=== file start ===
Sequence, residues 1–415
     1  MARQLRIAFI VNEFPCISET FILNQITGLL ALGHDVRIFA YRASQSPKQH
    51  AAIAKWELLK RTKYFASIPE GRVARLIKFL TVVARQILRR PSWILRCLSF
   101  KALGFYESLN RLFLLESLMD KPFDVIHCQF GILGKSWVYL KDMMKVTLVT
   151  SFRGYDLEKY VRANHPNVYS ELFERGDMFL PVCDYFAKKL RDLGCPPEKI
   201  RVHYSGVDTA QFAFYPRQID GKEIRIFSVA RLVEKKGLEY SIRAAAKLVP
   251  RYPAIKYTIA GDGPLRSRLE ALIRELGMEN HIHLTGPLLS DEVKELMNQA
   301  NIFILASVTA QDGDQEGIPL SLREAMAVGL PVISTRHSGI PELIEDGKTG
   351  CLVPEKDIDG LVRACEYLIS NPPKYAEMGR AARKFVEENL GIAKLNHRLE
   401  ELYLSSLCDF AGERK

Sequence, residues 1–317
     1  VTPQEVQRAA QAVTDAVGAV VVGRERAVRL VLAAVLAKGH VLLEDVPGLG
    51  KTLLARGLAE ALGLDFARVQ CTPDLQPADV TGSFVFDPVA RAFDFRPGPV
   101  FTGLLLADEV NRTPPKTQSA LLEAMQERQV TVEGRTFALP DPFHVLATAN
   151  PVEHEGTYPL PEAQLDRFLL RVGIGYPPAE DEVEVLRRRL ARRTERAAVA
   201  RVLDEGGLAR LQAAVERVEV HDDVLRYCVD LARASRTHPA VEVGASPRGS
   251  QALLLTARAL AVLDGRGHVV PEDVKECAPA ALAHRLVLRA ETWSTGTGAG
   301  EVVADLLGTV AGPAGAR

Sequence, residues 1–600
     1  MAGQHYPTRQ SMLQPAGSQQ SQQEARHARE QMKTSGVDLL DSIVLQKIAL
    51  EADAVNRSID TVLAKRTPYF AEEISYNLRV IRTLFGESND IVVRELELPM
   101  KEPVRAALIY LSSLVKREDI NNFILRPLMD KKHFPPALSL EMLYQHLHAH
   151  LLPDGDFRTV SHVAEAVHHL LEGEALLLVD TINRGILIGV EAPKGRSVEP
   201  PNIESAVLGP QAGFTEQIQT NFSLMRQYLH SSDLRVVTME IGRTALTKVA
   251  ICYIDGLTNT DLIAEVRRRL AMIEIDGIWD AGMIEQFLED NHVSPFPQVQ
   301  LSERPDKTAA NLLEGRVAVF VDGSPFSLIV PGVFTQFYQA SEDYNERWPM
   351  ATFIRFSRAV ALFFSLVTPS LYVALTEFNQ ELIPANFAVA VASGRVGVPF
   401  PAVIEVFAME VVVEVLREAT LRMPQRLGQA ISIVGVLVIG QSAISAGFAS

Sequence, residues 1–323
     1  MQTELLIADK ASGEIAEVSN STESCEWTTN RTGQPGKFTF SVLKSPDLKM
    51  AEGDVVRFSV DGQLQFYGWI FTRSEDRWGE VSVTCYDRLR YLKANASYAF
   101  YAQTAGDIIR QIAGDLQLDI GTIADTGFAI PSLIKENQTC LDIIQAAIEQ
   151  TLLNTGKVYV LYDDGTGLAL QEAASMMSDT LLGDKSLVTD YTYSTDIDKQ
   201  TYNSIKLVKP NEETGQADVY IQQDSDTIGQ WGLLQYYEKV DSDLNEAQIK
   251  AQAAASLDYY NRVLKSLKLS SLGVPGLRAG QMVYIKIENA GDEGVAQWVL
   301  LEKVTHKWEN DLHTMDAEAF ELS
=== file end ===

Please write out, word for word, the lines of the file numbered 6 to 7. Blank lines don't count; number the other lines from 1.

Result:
   201  RVHYSGVDTA QFAFYPRQID GKEIRIFSVA RLVEKKGLEY SIRAAAKLVP
   251  RYPAIKYTIA GDGPLRSRLE ALIRELGMEN HIHLTGPLLS DEVKELMNQA